Why Can’t We Say ‘Suicide’?

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Iconic singer Naomi Judd died at age 76, one day before she was to be inducted into the Country Music Hall of Fame.

Her daughters, Wynonna and Ashley Judd, shared a statement confirming her death: “Today [April 30, 2022] we sisters experienced a tragedy. We lost our beautiful mother to the disease of mental illness.”

An exact cause of death was not disclosed, and no additional information was forthcoming. However, the late Grammy-winning legend had been open about her mental health struggles and descent into debilitating depression and suicidal ideation. It was the focus of her 2016 autobiography, River of Time.

Five years ago, I attempted to schedule a follow-up appointment with a neurosurgeon who had operated on my spine. I clicked on his name online, but I received an error message: “Page not found.” Subsequently, I discovered that my doctor had taken his life. I read his obituary on the internet: “Dr. Eugene William Strickland [a pseudonym] passed away suddenly. He was 55 years old. He is survived by his loving family.”

There was no mention of suicide or the circumstances surrounding Strickland’s death.

Why are we afraid to say the word “suicide?” Usually, it is for the benefit of the family, out of respect for their privacy. But the real reason is that mental disorders remain the most stigmatized of all illnesses, and suicide encapsulates mental aberrations to the extreme. I never considered my specialty (psychiatry) to have a mortality rate until one of my supervisors reminded me that our patients die by suicide and sometimes kill others by homicide, acts which can be prevented more often than not.

One of the first things I learned as a resident — and even prior to that as a medical student during my psychiatry clerkship — was that asking patients about suicidal ideation is an essential component of the mental status examination. I would have flunked my psychiatry boards had I not asked the question — “Have you ever had thoughts of harming yourself?” — to the patient I was assigned to interview.

It is unfathomable that a myth persists that asking patients if they are suicidal will precipitate the action, despite abundant research that has shown asking about suicidal thoughts or attempts will not “put the idea” in someone’s head. On the contrary, acknowledging and talking about suicide may reduce, rather than increase, suicidal behavior.

The difficulty that clinicians seem to have in initiating discussions about suicidal ideation has less to do with patient characteristics than it does with clinician anticipatory anxiety about learning that a patient is positive for suicidal ideation. Another one of my supervisors commented, “Art, the only thing worse than a suicidal patient is one who doesn’t show for their appointment.” It got me thinking that cherry-picking patients by avoiding those who are suicidal is not a bad idea. Then I realized it was not a sustainable strategy, nor is it even desirable if a psychiatrist really wants to learn his or her craft. It behooves clinicians to become comfortable asking “the question” and to become aware of interventions for the prevention of suicide in their practice.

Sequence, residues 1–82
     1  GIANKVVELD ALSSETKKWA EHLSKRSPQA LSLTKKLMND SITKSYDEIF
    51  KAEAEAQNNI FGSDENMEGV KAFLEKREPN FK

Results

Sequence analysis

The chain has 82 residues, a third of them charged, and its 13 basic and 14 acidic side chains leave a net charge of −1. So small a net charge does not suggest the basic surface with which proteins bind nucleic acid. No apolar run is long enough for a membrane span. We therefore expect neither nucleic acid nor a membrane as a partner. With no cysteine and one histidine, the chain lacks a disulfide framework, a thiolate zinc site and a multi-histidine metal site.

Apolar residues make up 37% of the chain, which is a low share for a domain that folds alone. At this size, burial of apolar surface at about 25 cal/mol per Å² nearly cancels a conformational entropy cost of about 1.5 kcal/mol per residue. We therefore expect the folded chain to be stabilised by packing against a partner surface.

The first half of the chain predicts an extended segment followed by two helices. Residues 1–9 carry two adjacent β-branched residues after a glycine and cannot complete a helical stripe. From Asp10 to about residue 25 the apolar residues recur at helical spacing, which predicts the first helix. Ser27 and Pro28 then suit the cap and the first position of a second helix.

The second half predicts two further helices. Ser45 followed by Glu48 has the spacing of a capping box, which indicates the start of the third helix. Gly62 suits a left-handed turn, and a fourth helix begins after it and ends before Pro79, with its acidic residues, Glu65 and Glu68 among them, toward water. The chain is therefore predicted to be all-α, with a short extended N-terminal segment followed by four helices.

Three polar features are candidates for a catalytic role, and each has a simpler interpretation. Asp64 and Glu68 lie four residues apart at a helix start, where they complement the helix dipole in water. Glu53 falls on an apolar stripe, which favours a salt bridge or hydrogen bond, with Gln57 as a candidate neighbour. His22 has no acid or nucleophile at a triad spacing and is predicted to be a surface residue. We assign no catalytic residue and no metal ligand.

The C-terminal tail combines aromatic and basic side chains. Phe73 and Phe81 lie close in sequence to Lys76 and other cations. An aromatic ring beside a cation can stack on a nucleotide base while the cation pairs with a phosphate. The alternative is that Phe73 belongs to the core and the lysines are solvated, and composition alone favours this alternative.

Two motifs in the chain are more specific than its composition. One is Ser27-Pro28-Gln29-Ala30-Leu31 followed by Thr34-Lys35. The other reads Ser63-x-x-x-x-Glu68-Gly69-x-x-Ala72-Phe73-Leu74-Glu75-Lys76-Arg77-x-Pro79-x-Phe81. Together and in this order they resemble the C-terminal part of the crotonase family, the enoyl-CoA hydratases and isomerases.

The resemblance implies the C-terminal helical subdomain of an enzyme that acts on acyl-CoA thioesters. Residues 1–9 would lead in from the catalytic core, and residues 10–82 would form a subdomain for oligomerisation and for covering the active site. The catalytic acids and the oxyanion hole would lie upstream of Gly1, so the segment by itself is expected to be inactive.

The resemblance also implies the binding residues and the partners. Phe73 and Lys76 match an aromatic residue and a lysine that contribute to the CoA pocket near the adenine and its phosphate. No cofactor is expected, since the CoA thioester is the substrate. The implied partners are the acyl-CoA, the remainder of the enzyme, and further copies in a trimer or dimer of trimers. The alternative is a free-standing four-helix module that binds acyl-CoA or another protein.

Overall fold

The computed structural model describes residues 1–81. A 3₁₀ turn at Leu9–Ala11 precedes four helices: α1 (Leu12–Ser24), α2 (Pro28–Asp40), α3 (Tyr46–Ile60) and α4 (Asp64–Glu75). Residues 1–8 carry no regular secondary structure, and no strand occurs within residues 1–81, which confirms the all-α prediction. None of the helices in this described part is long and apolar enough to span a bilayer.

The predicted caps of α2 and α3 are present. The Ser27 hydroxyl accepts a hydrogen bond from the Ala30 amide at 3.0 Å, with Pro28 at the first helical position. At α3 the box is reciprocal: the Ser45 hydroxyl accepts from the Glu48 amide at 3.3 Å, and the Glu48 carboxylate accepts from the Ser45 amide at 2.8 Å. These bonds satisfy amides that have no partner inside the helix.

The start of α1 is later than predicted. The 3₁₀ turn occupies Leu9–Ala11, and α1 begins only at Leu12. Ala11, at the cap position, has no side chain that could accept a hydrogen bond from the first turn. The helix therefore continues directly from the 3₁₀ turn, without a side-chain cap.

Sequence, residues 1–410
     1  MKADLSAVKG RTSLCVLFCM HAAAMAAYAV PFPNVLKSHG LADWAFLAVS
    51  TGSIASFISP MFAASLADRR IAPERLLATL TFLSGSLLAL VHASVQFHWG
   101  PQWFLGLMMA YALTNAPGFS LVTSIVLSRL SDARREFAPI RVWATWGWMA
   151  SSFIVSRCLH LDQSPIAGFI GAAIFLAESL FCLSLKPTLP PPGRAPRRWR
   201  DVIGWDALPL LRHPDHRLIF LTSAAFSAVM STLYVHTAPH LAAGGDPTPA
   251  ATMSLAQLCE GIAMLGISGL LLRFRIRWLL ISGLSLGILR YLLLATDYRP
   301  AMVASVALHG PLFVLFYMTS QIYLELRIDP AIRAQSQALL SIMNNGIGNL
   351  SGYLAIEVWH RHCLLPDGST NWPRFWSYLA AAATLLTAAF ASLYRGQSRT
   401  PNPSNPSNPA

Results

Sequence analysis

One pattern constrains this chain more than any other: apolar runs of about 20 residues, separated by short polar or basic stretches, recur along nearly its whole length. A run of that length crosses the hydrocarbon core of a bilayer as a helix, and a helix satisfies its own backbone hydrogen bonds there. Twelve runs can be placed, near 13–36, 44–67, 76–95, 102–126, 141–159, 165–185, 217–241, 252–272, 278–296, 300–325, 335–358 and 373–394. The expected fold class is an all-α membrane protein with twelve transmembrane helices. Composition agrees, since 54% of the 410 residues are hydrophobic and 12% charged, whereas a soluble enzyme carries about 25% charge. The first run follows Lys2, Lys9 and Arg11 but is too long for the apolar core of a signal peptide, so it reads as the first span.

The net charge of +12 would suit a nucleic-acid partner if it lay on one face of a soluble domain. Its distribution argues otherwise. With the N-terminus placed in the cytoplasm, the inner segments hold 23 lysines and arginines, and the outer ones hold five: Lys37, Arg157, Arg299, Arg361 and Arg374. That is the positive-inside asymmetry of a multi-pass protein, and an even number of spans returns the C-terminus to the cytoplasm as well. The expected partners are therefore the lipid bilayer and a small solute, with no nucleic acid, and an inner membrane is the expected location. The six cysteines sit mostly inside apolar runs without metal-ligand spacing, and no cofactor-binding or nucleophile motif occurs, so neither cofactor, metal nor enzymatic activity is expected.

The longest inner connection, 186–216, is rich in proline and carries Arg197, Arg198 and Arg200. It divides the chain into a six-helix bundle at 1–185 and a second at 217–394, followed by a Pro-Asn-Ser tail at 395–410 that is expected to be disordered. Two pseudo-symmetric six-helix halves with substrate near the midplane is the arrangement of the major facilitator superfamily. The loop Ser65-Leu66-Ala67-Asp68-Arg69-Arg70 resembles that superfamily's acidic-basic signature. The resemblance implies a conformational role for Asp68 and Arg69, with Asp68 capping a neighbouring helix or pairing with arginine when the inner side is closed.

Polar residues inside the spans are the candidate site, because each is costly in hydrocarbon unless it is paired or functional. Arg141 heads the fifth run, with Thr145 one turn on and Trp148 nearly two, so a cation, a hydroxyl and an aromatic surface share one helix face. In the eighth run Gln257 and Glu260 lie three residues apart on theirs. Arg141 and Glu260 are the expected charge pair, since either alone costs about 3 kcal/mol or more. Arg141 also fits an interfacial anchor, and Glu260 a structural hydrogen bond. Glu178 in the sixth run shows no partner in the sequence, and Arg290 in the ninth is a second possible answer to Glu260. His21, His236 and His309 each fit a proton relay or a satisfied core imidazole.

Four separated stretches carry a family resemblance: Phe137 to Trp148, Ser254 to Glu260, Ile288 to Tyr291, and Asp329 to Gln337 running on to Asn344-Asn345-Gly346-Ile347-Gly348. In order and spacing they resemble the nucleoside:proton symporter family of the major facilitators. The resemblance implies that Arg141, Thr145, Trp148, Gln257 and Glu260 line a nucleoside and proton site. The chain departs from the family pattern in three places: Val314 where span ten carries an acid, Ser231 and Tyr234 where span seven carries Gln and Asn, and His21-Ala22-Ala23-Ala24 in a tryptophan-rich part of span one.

Reading accounts of people who have died suddenly and mysteriously, without explanation, typically invokes suicide as a cause of death. The unwillingness to acknowledge a suicide reminds me of a bygone era when cancer was referred to as the “C” word, and the diagnosis was whispered and discussed in muted tones owing to its perceived incurability. Neither cancer nor suicide is incurable, however. Knowing the risk factors and recognizing the warning signs for suicide (and cancer) are common preventive measures. But suicide cannot be prevented unless we inquire about self-injurious thoughts and behaviors in our patients.

It is more correct nowadays to refer to individuals as having completed suicide rather than having committed suicide. What’s the difference? The former notation indicates that suicide is usually a contemplative event as opposed to an impulsive act. Most individuals who complete suicide have thought about it over a period of time, once again providing clinicians and others an opportunity to intervene. Warning signs — verbally or behaviorally — precede most suicides. Only when those signs are not recognized or well-hidden does it seem like the suicide was sudden or a shock.

Contrary to the theme song from “MASH,” suicide is not painless, and it brings on many changes — to loved ones left behind. And what about the fate of patients under the care of the approximately 400 physicians who die each year by suicide? How do they cope with the loss? Patients are rarely privy to the circumstances surrounding the suicide deaths of their physicians, which often leave them confused and unable to obtain closure, possibly making it difficult to move on with their treatment.

Finding another physician I could easily entrust with my spine wasn’t easy for me. In fact, after consulting a half dozen neurosurgeons, I still haven’t found one.

If you or someone you know is considering suicide, call the National Suicide Prevention Lifeline at 1-800-273-TALK (8255).

Arthur Lazarus, MD, MBA, is a psychiatrist.

This post appeared on KevinMD.

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